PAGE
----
The group's chief achievements for the year:
The report also lists CCJIG’s goals for the coming year. Some of those goals reflect perceived weaknesses; their order of priority is to be decided by the in-coming officers.
- Membership jumped by about 30 per cent to 116, from 89 a year ago. Of those registered members, 57 were female; six identified themselves as African-American, two as Asian-American, and 12 as International.
- CCJIG emerged as AEJMC’s largest interest group (by number of registered members), as announced by Council of Divisions chair Kimberly Bissell at the mid-winter meeting in Louisville, Kentucky, on 6 Dec. 2008.
- Entries for the 2009 research paper competition increased 50 per cent to 27 from 18 a year ago, including a record 14 graduate student paper submissions.
- An update of CCJIG’s research bibliography was published.
- New collaborations (Law & Policy and History; also Harvard University and MIT) were established for convention activities. Old collaborations were maintained (Community Journalism, Media Ethics, Newspaper, Council of Affiliates).
- The CCJIG blog, with more than 120 posts, became a primary catalyst of member discussion, meeting a key goal listed in the previous annual report.
- An additional 100 or so posts on AEJMC Talk, many of them repeats or elaborations of CCJIG blog posts, exposed the larger AEJMC membership to civic and citizen journalism discussions.
- Three newsletters (Fall 2008, Spring 2009, and Summer 2009) were published and circulated inside and outside of the group by newsprint and e-mail, each to about 200 receivers.
- As of 30 July 2009, CCJIG's account had a balance of $3766.50.
- CCJIG secured a $400 travel grant from AEJMC to fund the 2009 Boston convention travel of a non-member panelist from New York.
The group's goals for 2009-10:
I wish to record my deep appreciation for the devoted service to our group in 2008-09 by fellow officers Mary Beth Callie, Deborah Chung, Burton St. John, Kirsten A. Johnson, Glenn Scott, Jeff South, Serena Carpenter and Clyde Bentley.
- Facilitate a discussion of CCJIG possibly applying to be an AEJMC Division, in a light of the group's quickly rising membership, the ubiquity of user-generated media, and the burgeoning scholarship of citizen journalism.
- Maintain the CCJIG blog as a primary catalyst of member discussion, partly by encouraging blog participation by a cross-section of the membership.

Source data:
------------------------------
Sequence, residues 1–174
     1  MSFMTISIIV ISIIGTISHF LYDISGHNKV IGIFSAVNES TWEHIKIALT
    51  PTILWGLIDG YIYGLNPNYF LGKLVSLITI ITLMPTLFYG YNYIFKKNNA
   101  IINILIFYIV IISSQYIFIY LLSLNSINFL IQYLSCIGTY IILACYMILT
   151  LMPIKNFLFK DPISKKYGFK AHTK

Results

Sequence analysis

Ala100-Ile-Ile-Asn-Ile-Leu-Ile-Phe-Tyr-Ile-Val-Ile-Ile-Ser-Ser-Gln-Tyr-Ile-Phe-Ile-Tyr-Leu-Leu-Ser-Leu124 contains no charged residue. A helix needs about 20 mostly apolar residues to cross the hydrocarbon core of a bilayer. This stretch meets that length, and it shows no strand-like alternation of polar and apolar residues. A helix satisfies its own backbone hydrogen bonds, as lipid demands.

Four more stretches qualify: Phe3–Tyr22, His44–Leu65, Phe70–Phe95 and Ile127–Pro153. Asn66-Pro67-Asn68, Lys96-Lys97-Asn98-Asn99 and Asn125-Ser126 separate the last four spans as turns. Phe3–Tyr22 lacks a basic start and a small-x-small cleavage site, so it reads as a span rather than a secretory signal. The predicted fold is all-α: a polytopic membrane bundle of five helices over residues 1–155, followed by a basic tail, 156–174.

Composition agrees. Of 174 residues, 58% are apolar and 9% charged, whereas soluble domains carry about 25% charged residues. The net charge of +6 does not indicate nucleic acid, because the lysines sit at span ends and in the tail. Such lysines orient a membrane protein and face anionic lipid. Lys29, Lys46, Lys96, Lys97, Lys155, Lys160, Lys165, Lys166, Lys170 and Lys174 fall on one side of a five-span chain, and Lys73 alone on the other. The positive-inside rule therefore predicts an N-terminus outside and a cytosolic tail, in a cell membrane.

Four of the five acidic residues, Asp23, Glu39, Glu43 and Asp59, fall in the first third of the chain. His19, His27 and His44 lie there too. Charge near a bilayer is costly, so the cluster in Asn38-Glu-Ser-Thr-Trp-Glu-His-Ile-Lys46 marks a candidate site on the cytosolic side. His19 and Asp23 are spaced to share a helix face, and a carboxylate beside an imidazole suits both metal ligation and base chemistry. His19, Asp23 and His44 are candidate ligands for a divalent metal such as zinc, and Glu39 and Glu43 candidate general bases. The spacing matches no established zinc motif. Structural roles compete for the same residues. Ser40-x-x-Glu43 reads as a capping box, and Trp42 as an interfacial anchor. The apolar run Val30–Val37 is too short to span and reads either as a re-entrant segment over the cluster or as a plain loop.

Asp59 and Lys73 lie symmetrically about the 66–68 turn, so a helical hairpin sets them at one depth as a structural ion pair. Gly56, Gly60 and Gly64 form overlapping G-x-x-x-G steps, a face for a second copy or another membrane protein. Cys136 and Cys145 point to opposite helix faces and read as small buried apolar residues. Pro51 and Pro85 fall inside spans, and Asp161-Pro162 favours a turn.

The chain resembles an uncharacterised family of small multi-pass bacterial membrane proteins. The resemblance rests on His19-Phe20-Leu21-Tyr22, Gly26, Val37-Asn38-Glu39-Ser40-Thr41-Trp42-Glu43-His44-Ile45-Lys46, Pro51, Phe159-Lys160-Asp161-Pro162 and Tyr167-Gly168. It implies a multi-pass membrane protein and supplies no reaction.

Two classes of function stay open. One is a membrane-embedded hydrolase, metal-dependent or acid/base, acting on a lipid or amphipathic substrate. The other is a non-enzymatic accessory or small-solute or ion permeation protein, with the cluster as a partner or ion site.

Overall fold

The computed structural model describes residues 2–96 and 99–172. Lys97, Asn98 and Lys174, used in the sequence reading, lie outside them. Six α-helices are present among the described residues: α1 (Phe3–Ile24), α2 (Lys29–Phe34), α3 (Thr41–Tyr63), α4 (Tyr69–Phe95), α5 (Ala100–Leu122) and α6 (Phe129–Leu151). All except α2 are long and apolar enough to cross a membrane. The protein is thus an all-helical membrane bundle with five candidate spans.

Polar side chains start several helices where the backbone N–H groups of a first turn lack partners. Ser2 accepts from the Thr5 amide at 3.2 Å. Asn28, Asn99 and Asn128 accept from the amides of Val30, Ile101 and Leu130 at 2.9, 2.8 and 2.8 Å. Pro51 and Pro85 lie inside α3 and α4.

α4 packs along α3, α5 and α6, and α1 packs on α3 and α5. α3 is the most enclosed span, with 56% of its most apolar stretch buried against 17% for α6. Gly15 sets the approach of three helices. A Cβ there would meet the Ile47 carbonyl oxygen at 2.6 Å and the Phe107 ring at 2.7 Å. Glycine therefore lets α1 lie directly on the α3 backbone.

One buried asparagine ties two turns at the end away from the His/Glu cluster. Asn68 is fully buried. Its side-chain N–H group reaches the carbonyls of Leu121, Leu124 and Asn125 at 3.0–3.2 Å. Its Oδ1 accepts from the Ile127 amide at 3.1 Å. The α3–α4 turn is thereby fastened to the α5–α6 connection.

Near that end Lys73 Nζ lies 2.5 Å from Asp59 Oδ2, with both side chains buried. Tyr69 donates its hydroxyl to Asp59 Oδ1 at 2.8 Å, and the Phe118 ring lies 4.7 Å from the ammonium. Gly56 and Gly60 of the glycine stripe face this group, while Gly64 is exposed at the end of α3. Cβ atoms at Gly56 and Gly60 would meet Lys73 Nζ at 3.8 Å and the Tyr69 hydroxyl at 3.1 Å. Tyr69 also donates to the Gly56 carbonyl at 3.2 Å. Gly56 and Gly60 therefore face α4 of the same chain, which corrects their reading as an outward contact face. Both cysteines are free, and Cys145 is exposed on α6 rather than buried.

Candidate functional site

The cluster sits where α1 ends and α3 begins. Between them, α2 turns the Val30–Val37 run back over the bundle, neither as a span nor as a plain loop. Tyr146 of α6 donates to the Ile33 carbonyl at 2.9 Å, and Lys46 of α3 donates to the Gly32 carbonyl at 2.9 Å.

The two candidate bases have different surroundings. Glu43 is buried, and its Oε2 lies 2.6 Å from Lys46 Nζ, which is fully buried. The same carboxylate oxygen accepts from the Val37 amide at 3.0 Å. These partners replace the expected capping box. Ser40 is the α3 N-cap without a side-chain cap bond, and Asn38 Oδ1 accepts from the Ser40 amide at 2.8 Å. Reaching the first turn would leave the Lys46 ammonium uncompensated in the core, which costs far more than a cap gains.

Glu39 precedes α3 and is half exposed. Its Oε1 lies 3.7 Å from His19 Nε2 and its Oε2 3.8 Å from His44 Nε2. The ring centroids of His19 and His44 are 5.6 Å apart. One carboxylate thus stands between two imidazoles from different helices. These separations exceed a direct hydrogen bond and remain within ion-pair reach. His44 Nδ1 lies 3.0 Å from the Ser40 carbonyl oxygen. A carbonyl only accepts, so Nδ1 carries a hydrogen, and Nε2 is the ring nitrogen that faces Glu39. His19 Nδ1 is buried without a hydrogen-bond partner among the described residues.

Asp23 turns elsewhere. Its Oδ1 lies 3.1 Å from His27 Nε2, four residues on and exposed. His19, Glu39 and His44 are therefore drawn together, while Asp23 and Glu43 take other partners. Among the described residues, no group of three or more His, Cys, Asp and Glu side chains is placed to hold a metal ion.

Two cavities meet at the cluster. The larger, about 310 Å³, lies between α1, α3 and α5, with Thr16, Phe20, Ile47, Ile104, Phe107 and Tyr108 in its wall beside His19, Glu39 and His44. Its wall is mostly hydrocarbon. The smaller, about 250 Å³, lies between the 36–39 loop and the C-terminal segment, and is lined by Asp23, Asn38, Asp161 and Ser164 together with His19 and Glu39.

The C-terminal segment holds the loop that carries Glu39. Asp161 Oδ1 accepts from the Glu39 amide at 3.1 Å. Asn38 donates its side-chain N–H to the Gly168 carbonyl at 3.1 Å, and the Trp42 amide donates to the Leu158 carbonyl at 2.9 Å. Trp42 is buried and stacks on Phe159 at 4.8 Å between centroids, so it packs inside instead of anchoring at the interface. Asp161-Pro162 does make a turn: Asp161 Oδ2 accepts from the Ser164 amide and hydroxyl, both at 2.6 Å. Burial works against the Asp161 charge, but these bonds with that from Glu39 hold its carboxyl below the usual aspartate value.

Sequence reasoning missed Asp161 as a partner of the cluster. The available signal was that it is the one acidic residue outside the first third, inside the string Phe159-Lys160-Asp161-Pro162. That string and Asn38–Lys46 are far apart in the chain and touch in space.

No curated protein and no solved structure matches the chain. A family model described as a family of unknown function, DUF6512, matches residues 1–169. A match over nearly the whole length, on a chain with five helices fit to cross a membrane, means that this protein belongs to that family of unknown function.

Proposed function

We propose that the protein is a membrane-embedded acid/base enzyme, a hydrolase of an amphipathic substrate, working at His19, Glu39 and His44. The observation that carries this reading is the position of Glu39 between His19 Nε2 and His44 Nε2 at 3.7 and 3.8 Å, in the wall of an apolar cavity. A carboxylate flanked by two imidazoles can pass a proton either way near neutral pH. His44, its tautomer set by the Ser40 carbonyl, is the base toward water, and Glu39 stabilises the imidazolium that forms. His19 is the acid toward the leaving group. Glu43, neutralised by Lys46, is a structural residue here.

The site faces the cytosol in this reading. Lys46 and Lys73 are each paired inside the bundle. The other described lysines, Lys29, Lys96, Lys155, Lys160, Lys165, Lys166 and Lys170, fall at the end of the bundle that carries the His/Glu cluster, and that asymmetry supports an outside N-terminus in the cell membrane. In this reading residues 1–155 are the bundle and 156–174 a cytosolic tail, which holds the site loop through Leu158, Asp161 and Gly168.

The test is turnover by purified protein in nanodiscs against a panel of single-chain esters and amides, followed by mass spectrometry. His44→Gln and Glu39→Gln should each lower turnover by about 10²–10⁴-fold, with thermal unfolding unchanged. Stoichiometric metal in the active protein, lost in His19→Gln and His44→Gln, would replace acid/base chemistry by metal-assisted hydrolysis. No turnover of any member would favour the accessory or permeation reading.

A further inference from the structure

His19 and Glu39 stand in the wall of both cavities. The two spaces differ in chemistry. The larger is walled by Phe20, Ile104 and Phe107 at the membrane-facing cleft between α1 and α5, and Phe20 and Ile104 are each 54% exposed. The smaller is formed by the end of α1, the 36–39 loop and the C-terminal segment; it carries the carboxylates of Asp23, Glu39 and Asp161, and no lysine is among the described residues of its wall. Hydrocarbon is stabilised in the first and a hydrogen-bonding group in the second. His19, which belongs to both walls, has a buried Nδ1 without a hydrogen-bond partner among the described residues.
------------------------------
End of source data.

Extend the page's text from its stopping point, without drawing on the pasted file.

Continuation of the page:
- Increase membership of minority and International scholars by 5 per cent overall.
- Facilitate two or three Teaching panels in Denver 2010 (in Boston 2009 the group had only one) so that a relative balance may be restored between CCJIG’s Research, Teaching and PF&R activities.
- Increase submissions of research papers by 10 per cent (from the 27 papers in Boston 2009) and enhance the quality of scholarship, particularly that related to citizen-journalistic responsibility.
- Maintain an updated bibliography, preferably annotated.
- Facilitate an increase of 10 per cent in submission of research papers related to (a) newer and rapidly evolving technologies such as Twitter or its progeny, or (b) the impact of new writing styles on citizen-journalistic credibility or responsibility.
- Maintain overall acceptance rate of research competition papers at the current 55.55 per cent to par a course set by the Research Committee (known as the "50 per cent guideline").
- Publish a teaching compendium to address the curriculum, content and pedagogy areas of the Teaching Committee standards; particular effort may be needed from CCJIG’s teaching standards chair (this will be a goal carried forward from 2007-08).
- Organize a symposium or other meeting, online or offline, to mark the 20th anniversary – in 2010 – of James Batten's 1990 address that was a bellwether in the citizen journalism movement (this will be a goal modified and carried forward from 2007-08).
- Continue the top paper awards. (Re-institution of the two $151 "best paper" awards in 2008 may explain part of the 50 per cent jump in paper submissions for Boston 2009).